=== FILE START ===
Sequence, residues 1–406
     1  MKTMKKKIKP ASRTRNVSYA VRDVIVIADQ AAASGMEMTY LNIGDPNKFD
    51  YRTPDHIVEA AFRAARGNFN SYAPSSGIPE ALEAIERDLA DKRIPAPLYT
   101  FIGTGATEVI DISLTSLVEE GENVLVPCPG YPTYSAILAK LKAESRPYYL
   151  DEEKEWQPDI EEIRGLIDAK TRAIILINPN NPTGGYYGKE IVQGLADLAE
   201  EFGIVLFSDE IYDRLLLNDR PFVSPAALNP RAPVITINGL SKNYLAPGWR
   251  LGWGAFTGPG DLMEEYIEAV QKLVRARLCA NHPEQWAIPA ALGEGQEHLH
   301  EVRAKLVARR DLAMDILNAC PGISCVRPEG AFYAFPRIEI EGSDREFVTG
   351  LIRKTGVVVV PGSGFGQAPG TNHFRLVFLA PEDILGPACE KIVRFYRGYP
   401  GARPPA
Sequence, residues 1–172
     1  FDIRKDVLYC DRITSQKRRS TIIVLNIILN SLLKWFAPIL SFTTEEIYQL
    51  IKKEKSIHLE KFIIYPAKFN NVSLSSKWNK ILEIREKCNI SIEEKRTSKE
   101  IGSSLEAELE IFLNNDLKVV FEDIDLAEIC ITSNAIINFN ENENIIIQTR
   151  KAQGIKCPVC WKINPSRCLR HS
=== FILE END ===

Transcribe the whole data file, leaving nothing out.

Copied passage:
Sequence, residues 1–406
     1  MKTMKKKIKP ASRTRNVSYA VRDVIVIADQ AAASGMEMTY LNIGDPNKFD
    51  YRTPDHIVEA AFRAARGNFN SYAPSSGIPE ALEAIERDLA DKRIPAPLYT
   101  FIGTGATEVI DISLTSLVEE GENVLVPCPG YPTYSAILAK LKAESRPYYL
   151  DEEKEWQPDI EEIRGLIDAK TRAIILINPN NPTGGYYGKE IVQGLADLAE
   201  EFGIVLFSDE IYDRLLLNDR PFVSPAALNP RAPVITINGL SKNYLAPGWR
   251  LGWGAFTGPG DLMEEYIEAV QKLVRARLCA NHPEQWAIPA ALGEGQEHLH
   301  EVRAKLVARR DLAMDILNAC PGISCVRPEG AFYAFPRIEI EGSDREFVTG
   351  LIRKTGVVVV PGSGFGQAPG TNHFRLVFLA PEDILGPACE KIVRFYRGYP
   401  GARPPA
Sequence, residues 1–172
     1  FDIRKDVLYC DRITSQKRRS TIIVLNIILN SLLKWFAPIL SFTTEEIYQL
    51  IKKEKSIHLE KFIIYPAKFN NVSLSSKWNK ILEIREKCNI SIEEKRTSKE
   101  IGSSLEAELE IFLNNDLKVV FEDIDLAEIC ITSNAIINFN ENENIIIQTR
   151  KAQGIKCPVC WKINPSRCLR HS